Simone Biles, and the pandemic, have taught us the value of pausing, and the virtue in getting out of the rat race

Tennis fans will recognise these words from Andre Agassi’s powerful autobiography, Open: ‘I tell myself that tonight will be an exam for which I’ve been studying 29 years. Whatever happens tonight, I’ve already been through it at least once before.

If it’s a physical test, if it’s mental, it’s nothing new. Please let this be over. I don’t want it to be over. I start to cry. I lean against the wall of the shower and let go.’ Despite his raw emotional state, Agassi soldiered on at the 2006 US Open, going on to play a classic match against Cypriot Marcos Baghdatis. Fifteen years down, Agassi’s compatriot Simone Biles withdrew from the Tokyo Olympics after a bout of ‘twisties’, which have been described as a sort of mental block that causes a gymnast to lose their sense of space and dimension as they are up in the air. ‘For anyone saying I quit. I didn’t quit. My mind and body are simply not in sync…’ said Biles in an Instagram post. ‘Nor do I have to explain why I put my health first. Physical health is mental health.’

Unlike artists — think Francesco Goya, Vincent Van Gogh, or Edvard Munch whose expression of anxiety in his painting Scream is so resonant in the modern world that it’s become an emoji — athletes never had the permission to discuss their mental state except ever in positive terms. In the high-octane world of professional sport, mental toughness is requisite. By opening up about their battles with mental health, and in prioritising it over a championship or a medal, Simone Biles, Naomi Osaka and Serena Williams have initiated a long-needed conversation in professional sport. If a Rafael Nadal can decide to miss the Wimbledon ‘after listening’ to his body, equally, a Simone Biles can sit out the Olympics after listening to her body and mind.

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If anything, the pandemic has taught all of us the value of pause. Those who think the world will go back to its frenetic, high testosteronedriven idea of work and achievement are out of step with Gen Z. As any recruiter will vouch, the urban young are reluctant to embrace a 24/7 switched-on work culture. In China, they have even gone a step further with the Tang Ping movement, which literally means lying flat (and doing little). The movement that’s been described as ‘spiritual’ is an antidote to China’s culture of overwork and constant hustle. In a piece on Tang Ping, AFP’s Beiyi Seow quoted a young Chinese as saying, ‘You’re beaten up by society and just want a more relaxed life…’lying flat’ is not waiting to die. I still work, but just don’t overstretch.’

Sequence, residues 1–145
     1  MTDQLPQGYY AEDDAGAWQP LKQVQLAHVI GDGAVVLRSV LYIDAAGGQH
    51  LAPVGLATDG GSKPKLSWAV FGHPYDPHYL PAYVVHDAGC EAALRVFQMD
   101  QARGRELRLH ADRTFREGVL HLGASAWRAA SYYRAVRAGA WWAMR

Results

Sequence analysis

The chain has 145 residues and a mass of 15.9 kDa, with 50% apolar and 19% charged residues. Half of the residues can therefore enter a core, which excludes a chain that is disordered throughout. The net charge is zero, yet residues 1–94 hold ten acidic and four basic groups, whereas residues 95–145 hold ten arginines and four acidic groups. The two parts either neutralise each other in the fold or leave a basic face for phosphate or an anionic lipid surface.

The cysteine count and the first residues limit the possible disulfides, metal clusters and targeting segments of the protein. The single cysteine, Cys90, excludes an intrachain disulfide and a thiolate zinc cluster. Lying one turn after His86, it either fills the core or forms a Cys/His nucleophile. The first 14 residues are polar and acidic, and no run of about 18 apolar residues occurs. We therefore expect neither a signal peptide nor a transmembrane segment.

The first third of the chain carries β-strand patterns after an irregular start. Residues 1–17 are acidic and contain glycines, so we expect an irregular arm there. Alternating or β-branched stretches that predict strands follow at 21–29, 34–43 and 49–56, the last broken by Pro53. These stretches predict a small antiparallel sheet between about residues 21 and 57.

In China, where posts endorsing Tang Ping are being taken down, an editorial in the Chinese government’s publication, Global Times, reflects the panic: ‘China is at one of the most important stages of its long road to national rejuvenation. Young people are the hope of this country, and neither their personal situation nor the situation of this country will allow them to ‘collectively lie flat’.’ Stentorian editorials in propaganda papers notwithstanding, the young are showing up the rat race in all its ugliness. What kind of a world will be refashioned with the emergence of this new mindset? Organisations that imaginatively put the individual’s mental and physical well-being at the heart of their culture will attract the best talent over those that offer bigger money for punishing working hours.

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The transparency that Zoom enables has already reduced some of the toxicity that physical workspaces can create, and hierarchies are likely to be flattened, creating more equitable work spaces. More importantly, for those truly talented, opting out of the rat race and prioritising their well-being will lead to longer career graphs and multiple reinventions. Simone Biles may be down now, but she will soon be somersaulting, defying gravity and carping critics.



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